Nitu Kumari Indiaepost
Dr Harvinder Kaur, Assistant Professor, SD College Ambala said that the farmers should be encouraged to do crop diversification and produce commercial crops. 80 crore people are given food security for months. If government purchases all food grain production on MSP would cost 17 lakh crore which is half the amount of the union budget. Someone is playing with data. Food production is not a waste which will be thrown or dumped.
She further said that the government would compensate the farmer only the difference between the market price and MSP, not the whole MSP. Wrong interpretation of the data as according to the whole MSP of the crop creates confusion among common men. Moreover, the farmer is producing to feed the population of the nation. The question arises that if you have enough to eat then why Global Hunger Index is going down and even ranked below Bangladesh and Pakistan. Indian people know hunger well. A food grain surplus nation cannot rank as low as India in the Global Hunger index. The common myth that we are the huge producers of food grains and export a big amount of food grains may be because we are exporting more and consuming less. The per-capita consumption of grains started declining in 1990 and this trend continued in later two decades and a recovery in 2011 -2020 unfortunately this decline was not taken seriously as academicians interpret it according to the Lorenge curve that with increasing income a consumer diversifies his consumption and spends a lesser amount on the consumption of food grains and more on fruits, nuts and animal products. But in the case of India, this doesn’t happen as proven by GHI and malnutrition among children.
If demand disappeared or declined for food grains, where did the grain go ?. For the last ten years, India has emerged as a big cereal exporter and we are not a food surplus state but consume fewer food grains. There is no authentic surplus food grain in the country. Any surplus visible in the forms of large exports and overflowing FCI stocks can be attributed to the fact that the average Indian was not able to maintain her already low level of grain consumption over the last thirty years. All myths regarding ‘food surpluses’ are really based on the dystopia of the endless pangs of hunger, under-nutrition and the consequences that the average Indian and her children have borne over the last thirty years. Needless to say, this ‘average Indian’ is located far away from the glittering lives of the metropolitan cities and invisible from the world of policy-makers. 196 million people are undernourished and malnutrition is the top cause of death and disability. It is clear that food security remains a serious challenge. India now ranks 97th out of 107th countries in terms of hunger and continues to be in the ‘severe’ hunger category according to the GHI of 2021. These situations clearly prove that food is not accessible in India. South Asia has the highest child wasting rate of any region, and India is the worst performer. At 17.3%, India’s child wasting rate is only slightly better than it was last year, at 20.8%.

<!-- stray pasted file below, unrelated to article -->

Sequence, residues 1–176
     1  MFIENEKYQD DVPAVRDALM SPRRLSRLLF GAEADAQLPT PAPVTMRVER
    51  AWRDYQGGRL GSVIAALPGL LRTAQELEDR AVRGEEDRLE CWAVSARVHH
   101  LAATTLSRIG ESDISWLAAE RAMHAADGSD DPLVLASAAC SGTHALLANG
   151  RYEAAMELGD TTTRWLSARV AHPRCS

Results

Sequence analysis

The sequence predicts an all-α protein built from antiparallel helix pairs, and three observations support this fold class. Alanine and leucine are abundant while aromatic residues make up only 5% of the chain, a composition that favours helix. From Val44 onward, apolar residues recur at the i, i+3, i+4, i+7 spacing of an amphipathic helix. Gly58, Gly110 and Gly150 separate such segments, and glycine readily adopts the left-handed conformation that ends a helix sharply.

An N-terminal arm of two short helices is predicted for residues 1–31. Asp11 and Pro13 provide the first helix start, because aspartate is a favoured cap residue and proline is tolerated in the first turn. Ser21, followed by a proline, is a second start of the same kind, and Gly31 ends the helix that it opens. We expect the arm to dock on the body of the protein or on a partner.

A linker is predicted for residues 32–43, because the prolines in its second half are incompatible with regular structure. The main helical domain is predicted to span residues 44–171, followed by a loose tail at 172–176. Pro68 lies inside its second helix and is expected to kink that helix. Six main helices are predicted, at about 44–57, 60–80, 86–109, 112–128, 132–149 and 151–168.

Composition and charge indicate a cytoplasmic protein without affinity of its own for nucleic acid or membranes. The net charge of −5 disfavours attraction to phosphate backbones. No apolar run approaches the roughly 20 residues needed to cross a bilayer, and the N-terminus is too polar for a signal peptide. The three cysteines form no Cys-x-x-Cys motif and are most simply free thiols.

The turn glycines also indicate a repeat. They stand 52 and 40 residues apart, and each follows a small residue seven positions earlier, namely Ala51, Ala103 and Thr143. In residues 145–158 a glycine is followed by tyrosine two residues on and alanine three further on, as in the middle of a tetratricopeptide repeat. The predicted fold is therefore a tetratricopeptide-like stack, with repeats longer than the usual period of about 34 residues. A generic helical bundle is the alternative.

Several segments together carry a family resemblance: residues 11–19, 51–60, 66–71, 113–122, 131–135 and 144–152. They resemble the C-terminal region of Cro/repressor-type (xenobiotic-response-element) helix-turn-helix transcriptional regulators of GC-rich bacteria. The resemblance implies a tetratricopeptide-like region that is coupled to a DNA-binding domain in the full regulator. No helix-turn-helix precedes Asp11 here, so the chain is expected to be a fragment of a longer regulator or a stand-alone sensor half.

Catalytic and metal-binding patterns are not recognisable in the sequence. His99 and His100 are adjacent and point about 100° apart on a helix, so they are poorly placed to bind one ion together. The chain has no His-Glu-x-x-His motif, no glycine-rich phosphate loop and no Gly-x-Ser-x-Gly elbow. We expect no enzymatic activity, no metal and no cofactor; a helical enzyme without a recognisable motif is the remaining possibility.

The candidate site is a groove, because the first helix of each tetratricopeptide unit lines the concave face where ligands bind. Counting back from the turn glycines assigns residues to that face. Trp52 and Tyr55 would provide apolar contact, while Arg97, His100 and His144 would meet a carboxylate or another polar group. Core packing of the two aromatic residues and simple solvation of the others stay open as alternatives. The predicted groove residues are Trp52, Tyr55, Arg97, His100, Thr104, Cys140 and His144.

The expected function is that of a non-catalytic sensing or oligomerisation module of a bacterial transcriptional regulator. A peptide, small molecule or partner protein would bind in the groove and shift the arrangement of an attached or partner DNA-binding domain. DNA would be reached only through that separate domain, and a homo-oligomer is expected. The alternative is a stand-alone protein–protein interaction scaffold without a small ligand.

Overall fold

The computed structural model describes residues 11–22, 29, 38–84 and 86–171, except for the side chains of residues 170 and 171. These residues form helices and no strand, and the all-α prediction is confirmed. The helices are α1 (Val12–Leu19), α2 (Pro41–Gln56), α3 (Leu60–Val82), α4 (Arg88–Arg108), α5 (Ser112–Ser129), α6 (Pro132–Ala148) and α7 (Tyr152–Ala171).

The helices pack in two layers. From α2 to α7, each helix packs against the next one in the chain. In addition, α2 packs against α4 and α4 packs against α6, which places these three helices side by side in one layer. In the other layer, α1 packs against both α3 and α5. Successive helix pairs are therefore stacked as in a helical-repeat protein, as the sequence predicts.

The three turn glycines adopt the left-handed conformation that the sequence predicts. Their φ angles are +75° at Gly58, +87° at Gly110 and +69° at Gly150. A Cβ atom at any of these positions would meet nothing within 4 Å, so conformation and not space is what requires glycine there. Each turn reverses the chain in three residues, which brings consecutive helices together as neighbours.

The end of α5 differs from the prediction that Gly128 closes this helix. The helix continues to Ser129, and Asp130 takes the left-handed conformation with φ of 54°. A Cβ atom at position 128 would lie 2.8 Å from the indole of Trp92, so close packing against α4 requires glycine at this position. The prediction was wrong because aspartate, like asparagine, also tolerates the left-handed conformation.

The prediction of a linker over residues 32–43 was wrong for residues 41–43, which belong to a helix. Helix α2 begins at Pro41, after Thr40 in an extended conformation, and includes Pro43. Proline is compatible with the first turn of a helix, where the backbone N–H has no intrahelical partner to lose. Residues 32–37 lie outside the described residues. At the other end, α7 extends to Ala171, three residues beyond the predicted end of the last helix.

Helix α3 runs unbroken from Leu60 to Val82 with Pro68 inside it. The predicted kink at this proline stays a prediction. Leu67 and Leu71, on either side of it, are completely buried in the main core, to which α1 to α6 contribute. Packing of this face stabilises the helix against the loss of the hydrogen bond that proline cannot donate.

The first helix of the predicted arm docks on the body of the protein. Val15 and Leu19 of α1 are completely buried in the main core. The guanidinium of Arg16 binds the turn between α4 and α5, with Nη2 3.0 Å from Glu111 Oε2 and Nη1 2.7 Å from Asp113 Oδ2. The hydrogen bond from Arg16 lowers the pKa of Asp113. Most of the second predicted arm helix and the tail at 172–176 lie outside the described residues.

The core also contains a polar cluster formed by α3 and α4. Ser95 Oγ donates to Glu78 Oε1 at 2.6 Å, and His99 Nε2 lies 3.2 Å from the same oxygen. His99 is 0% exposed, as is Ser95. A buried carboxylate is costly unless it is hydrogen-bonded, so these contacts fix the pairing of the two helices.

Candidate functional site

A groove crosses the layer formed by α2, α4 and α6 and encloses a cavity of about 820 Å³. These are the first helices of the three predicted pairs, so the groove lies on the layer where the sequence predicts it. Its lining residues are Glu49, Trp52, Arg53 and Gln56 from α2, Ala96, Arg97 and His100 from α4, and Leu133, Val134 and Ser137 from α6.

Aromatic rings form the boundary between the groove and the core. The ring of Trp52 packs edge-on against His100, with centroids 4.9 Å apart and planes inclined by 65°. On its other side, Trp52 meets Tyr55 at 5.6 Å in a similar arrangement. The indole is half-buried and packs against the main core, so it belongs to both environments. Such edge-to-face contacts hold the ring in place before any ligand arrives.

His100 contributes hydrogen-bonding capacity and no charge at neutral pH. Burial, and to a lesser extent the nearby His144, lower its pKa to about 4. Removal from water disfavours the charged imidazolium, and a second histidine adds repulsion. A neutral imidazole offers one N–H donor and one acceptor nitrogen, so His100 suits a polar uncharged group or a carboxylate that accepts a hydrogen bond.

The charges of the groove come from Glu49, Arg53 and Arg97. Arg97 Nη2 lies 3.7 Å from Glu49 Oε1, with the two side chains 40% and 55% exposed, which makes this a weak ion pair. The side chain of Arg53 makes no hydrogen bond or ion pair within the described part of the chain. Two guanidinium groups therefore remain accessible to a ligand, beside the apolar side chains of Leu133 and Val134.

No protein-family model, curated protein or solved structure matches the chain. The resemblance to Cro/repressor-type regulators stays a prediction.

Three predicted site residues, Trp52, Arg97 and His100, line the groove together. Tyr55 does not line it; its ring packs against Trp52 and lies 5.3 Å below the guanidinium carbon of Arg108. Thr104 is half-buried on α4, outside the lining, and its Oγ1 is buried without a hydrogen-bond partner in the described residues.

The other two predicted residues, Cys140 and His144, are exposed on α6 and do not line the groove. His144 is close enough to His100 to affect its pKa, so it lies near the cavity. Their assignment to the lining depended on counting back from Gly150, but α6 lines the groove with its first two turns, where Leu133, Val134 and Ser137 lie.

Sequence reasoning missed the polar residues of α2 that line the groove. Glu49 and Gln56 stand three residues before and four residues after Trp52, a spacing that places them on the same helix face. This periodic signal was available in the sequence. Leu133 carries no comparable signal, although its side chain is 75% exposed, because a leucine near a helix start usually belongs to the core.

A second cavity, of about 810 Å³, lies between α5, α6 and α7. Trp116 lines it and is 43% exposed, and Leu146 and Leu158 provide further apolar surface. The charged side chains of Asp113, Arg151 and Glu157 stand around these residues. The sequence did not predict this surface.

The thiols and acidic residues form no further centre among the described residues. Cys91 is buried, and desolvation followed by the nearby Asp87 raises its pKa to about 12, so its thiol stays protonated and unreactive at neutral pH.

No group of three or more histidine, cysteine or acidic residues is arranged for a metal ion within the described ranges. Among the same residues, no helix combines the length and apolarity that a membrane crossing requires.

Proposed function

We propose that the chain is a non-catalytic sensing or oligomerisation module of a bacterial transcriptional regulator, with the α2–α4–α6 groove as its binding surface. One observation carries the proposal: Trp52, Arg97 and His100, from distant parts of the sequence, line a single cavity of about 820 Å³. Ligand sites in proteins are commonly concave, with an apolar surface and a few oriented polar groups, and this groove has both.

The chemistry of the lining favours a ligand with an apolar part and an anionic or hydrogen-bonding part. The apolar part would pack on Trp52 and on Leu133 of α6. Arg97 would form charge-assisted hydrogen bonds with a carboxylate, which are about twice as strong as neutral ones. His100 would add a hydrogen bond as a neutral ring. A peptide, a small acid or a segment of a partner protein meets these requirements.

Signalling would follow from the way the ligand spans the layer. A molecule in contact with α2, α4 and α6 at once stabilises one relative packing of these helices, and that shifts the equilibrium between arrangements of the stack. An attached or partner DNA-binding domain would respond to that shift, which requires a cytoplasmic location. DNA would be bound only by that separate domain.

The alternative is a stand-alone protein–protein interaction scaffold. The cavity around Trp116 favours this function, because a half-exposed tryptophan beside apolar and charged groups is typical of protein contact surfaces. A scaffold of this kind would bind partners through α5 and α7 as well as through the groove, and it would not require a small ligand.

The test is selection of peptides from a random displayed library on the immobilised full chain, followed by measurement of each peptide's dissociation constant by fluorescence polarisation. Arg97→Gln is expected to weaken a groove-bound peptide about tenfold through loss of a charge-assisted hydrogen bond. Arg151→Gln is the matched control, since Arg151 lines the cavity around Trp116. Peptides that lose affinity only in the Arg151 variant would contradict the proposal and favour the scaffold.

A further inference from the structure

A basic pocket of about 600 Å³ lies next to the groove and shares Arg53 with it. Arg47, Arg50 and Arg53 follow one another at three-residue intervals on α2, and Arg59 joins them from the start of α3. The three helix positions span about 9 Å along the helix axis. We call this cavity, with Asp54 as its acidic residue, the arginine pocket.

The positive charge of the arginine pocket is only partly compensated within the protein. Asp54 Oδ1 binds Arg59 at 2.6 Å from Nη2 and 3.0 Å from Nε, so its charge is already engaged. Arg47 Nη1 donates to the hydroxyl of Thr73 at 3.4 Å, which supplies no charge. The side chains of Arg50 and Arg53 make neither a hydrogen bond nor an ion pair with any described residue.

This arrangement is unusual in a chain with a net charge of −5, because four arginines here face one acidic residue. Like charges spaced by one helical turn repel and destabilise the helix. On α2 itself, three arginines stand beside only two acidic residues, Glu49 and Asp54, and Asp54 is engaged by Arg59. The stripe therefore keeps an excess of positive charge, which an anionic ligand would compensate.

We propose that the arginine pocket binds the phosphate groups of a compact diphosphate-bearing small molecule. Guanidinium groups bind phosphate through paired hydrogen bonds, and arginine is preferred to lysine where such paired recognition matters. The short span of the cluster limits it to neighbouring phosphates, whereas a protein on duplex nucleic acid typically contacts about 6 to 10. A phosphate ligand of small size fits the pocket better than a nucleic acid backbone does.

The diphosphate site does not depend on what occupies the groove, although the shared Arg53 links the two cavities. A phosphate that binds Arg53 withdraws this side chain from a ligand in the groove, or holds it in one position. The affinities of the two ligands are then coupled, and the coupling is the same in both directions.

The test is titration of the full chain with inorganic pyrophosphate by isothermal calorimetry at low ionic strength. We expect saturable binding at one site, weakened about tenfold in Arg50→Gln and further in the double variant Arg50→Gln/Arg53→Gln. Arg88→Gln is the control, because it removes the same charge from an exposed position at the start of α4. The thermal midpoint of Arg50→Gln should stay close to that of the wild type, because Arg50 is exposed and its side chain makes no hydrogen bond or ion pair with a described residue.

Kaur further said that sometimes in the present scenario, I feel that the government is more worried about the marketing of agricultural output instead of production. The focus should be on the production and diversification of crops. Farmer faces two types of risks, one is marketing and the second is adverse weather. To cover the risk of marketing MSP should have a legal provision and for unfavourable weather conditions, the insurance of crops should be done by the government. Farmers should be encouraged to do crop diversification and produce commercial crops. For diversification and commercialization, more crops should come under MSP. To increase the income of this sector Argo processing centres should be established at the village level and Storage godowns at the panchayat level and the farmers should be made stakeholders in these processing units. Agriculture should be promoted as a profession instead of an occupation and farming should be made entrepreneurship. In China, a 1% increase in agriculture growth reduces 0.7% income inequality. So can be achieved in India if we will not ignore the backbone of the economy.
The government has started many schemes to uplift this sector. Currently, there are cash or income support schemes. The 2020-21 Union Budget allocated Rs 750 billion ($10.6 billion) for the direct income transfer scheme PM-KISAN.
However, the latest OECD assessment says that India is one of the few countries that has penalized farmers to keep consumers happy. The international measure of a government’s budgetary and other subsidies to farmers is the Producer Support Estimate (PSE), developed by OECD which uses this for its annual tracking of global agriculture supports. In simple terms, this measure estimates what a farmer receives at the farm gate. OECD assesses that it is negative 5.7 per cent for Indian farmers, or that the government has actually taxed the farmers. In 2019, Indian farmers lost $23 billion this way. In contrast, Norway offers 60 per cent support to its farmers. India’s negative PSE benefits the consumers in terms of cheaper food or our obsession to control wage good inflation. Mostly, government support and policy intervention keep the wholesale price low and also help distribute cheap produce through the public distribution system to keep food inflation low. This way, consumers gained a benefit of $80 billion.